Meat prices in South Africa have come down significantly since the start of the year, which should make it cheaper to host a braai this coming festive season relative to pricing at the end of last year.
The BFAP’s Food Inflation Brief for October shows that meat pricing in the country is generally trending along the same lines as the international FAO Meat Price Index, which declined in October by 0.6% from September.
This was underpinned by a reduction in pig meat prices (-3.7%), given high exportable supplies in the global market and low import demand, specifically from East Asian countries, the group said.
However, prices for other meat types, including poultry, bovine and ovine meats, followed an upward trend (by 1.3%, 0.5% and 0.4%, respectively).
In the global poultry market, prices were pressured by supply constraints given the prolonged period of high feed costs and the continued avian flu outbreaks in leading producing countries (i.e. EU and USA), while consumer demand was firm as poultry meat remained affordable relative to other meat types.
Persistent strong import demand kept bovine and ovine meat prices on an upward trend, countering abundant supply levels (Australia and Brazil- bovine, Oceania- ovine) for both meat types the BFAP said.
South Africa meat price trends
Locally, poultry and beef prices matched to global dynamics, while the contrary was observed for pork and sheep meat.
All price trends below are per kilogram (Stats SA, October 2023)
Poultry prices were up across product types – the price for fresh whole birds increased by 5%, followed by frozen whole birds increasing by 4%; IQF pieces were only up slightly at 0.05%.
Egg prices have shown larger increases (by 5% for half a dozen and 11% for 18) amid the Avian Influenza (AI) outbreak compared to chicken meat prices.
This reflects the fact that South Africa is already a significant importer of chicken meat and so imports could ramp up fairly efficiently when domestic supplies came under pressure due to AI, the bureau said.
“Price differences in the respective products are also indicative of lower-income consumers, who tend to buy IQF pieces, not being able to absorb additional increases, as well as the relative affordability of chicken compared to alternatives such as pork,” the BFAP said.
Furthermore, ramping up egg imports is significantly more complicated than is the case for chicken.
Stats SA’s latest CPI basket shows that chicken prices have trended upwards in recent months in line with these trends.
Pork prices were up by 7.0% in October, with the exchange rate offsetting a lower price globally, and domestic supplies weaker after a prolonged period of high feed prices that were not matched by concomitant pork price increases, the BFAP said.
Pork ribs and pork chops have dropped in price overall this year on a per kg basis in the CPI basket, but pork fillets have again risen in price.
Beef prices were also on the upturn albeit with a small percentage (0.6%), while weaner prices were lower compared to the previous month (-1.4%).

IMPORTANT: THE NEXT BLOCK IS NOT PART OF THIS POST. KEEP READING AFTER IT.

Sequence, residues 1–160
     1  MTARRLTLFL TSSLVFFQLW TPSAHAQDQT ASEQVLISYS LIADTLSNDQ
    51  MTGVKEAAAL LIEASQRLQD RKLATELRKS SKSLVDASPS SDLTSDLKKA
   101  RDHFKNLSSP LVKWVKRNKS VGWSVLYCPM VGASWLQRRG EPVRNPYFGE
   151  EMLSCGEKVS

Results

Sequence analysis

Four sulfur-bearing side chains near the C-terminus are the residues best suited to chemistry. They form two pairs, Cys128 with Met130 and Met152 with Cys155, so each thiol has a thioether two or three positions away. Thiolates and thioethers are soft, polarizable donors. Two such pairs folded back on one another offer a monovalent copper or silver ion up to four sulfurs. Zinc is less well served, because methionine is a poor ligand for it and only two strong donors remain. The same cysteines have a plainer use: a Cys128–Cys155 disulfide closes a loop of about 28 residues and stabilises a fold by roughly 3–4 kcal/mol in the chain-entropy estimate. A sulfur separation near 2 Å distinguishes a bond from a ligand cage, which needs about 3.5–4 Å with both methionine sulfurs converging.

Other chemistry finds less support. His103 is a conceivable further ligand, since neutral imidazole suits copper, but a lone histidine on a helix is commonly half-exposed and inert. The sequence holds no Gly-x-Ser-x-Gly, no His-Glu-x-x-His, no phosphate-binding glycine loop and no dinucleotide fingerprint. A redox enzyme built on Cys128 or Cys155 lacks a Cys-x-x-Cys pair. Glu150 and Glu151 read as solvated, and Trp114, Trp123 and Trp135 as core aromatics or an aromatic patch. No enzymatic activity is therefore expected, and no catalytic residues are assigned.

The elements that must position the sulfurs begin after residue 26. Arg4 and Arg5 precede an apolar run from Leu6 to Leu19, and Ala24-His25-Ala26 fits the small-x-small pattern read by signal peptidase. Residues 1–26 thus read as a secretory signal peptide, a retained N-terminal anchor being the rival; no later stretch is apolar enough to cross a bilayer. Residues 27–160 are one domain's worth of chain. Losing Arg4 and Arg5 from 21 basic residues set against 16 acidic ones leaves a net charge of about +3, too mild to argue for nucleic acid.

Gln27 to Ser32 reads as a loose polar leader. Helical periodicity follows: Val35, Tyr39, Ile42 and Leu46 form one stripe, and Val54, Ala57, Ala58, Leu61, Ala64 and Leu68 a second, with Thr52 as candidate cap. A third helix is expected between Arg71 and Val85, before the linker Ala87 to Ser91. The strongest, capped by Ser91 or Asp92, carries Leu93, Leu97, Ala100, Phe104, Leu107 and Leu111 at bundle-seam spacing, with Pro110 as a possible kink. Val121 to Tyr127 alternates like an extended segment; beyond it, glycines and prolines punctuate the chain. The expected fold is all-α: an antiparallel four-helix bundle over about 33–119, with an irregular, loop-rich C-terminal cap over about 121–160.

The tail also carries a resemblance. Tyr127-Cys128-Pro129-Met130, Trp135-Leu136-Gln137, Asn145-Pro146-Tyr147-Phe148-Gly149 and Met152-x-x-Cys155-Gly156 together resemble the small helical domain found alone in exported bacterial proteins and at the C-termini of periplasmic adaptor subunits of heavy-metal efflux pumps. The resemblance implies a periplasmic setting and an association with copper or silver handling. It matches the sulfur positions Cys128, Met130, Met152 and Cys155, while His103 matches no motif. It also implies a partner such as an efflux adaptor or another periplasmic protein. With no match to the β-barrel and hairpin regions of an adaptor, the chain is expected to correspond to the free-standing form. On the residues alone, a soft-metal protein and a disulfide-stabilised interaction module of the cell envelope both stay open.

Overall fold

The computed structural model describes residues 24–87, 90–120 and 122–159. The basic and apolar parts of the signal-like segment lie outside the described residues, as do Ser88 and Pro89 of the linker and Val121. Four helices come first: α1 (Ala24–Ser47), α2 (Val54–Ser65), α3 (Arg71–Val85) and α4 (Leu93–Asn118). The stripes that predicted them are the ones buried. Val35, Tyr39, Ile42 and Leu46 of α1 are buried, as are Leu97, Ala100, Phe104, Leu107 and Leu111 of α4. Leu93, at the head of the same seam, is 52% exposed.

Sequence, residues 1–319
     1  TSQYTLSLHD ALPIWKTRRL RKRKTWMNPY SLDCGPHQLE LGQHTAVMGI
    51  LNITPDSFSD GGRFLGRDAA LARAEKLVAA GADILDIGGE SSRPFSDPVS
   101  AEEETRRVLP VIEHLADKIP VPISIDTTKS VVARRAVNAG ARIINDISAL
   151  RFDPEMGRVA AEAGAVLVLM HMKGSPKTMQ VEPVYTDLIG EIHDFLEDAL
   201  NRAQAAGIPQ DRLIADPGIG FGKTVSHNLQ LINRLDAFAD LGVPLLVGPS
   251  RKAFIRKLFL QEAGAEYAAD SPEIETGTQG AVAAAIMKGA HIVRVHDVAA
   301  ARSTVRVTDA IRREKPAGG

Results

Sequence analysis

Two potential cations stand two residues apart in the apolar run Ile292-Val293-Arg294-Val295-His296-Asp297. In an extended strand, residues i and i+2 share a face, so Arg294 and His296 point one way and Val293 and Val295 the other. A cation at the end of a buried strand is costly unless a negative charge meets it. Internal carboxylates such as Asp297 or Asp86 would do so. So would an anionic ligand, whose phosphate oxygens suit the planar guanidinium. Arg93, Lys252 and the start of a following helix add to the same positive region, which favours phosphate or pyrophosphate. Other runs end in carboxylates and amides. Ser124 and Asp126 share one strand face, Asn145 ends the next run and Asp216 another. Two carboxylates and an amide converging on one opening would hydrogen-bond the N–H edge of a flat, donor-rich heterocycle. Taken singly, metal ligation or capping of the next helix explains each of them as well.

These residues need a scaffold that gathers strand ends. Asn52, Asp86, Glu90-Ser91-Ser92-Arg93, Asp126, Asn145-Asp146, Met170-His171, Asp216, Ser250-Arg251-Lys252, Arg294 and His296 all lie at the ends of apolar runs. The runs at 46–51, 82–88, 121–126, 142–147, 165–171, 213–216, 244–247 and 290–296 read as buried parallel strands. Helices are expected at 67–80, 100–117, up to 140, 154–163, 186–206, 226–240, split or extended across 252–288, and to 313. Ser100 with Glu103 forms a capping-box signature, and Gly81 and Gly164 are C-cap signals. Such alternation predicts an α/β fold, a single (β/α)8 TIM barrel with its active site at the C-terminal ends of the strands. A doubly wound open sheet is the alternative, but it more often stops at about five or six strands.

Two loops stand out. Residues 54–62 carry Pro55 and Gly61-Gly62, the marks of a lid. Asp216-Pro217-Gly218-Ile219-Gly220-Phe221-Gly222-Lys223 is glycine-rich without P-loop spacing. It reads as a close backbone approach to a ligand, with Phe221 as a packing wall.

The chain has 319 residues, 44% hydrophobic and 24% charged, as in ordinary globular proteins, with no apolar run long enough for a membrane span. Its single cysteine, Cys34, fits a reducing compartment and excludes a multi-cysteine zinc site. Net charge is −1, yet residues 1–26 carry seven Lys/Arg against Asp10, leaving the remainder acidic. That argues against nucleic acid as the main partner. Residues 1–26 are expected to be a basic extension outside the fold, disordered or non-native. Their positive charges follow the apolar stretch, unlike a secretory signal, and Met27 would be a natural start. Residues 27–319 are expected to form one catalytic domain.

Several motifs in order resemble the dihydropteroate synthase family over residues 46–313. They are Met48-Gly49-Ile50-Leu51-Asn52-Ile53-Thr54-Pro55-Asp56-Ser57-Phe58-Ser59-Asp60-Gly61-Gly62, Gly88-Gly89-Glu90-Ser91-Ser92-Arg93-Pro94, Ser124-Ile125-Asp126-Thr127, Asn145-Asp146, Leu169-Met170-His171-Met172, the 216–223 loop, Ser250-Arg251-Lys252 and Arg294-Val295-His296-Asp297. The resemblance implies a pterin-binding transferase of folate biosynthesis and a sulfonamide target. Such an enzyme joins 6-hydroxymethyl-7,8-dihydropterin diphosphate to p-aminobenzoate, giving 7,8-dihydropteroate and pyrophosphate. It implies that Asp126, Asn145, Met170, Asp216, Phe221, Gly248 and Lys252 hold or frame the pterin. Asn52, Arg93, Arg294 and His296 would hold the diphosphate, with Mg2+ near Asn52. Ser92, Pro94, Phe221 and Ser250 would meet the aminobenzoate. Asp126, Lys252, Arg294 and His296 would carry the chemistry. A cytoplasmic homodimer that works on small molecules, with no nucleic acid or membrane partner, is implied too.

“Local demand for beef remains low due to economic pressures; however, the holiday season does typically bolster demand somewhat, while demand for exports is expected to increase, bringing some relief for beef farmers who faced flat prices over most of the past year,” the BFAP said,
Stats SA’s data shows that a;; cuts of beef have generally come down in price per kg since the start of the year, with fillet, sirloin and rump all seeing significant declines.
Mutton prices have remained fairly flat over the course of the year – but some cuts of meat have climbed in price in recent months – such as loin chops, which are a popular feature on South African braais.
All other cuts of mutton have come down in price since the start of the year.
Skip the potato salad
While meat prices are showing some positive signs, other food categories, like vegetables, are still showing sharp price hikes.
According to the BFAP, this is most noticeable in potatoes.
In the local vegetable market, 44% of the R754.5 million vegetable revenue generated in October 2023 at the Johannesburg fresh produce market was from potato sales, the group said.
“Consequently, any comparison of total vegetable sales on the market would be largely driven by potatoes. With a 24% reduction in potato volumes due to the impact of load shedding on the ability to irrigate, and a year-on-year change in the unit price for October of 209% (R10.30/kg in 2023 compared to R3.33/kg in 2022), the market’s turnover also increased substantially,” it said.
When removing potatoes from the total, the average market price for vegetables sold on the Johannesburg fresh produce market is only 4% higher in October 2023 than the same month a year ago, but still 22% higher when comparing 2023 year-to-date (Jan-Oct) with the same period in 2022.
“While some of the price volatility can be absorbed, or smoothened out, at the retail level, the year-on-year increases are more likely to be already reflected in consumers’ baskets,” the BFAP noted.